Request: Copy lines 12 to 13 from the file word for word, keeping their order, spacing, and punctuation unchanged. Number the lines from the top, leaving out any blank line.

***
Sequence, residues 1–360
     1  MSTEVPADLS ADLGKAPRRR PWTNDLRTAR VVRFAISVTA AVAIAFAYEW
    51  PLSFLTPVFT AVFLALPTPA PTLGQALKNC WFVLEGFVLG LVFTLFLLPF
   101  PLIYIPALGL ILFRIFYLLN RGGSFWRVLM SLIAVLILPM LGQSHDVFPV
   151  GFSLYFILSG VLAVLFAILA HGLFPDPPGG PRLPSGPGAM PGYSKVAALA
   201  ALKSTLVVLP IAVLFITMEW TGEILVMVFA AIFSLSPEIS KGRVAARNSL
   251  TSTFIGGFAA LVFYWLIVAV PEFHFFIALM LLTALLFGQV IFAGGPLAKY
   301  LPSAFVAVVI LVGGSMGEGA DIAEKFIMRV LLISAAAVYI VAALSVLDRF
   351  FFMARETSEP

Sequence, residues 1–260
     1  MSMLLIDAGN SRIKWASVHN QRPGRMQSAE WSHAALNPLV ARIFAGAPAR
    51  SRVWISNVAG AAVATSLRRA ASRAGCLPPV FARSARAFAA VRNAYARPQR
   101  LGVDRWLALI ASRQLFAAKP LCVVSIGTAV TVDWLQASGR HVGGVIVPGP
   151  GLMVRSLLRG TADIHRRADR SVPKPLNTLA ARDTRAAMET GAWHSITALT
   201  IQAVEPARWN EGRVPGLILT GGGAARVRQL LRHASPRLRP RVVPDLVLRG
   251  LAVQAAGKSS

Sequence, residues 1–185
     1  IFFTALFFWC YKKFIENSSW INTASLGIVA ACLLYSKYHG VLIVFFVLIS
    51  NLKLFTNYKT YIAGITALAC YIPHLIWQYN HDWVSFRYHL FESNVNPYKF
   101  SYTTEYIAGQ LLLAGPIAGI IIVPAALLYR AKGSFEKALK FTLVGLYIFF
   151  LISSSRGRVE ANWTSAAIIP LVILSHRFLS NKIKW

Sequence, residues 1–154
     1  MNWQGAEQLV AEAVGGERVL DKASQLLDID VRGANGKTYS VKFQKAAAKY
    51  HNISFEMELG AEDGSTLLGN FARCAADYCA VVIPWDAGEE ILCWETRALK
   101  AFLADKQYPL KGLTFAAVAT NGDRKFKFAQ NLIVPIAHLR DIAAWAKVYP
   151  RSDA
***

    51  SRVWISNVAG AAVATSLRRA ASRAGCLPPV FARSARAFAA VRNAYARPQR
   101  LGVDRWLALI ASRQLFAAKP LCVVSIGTAV TVDWLQASGR HVGGVIVPGP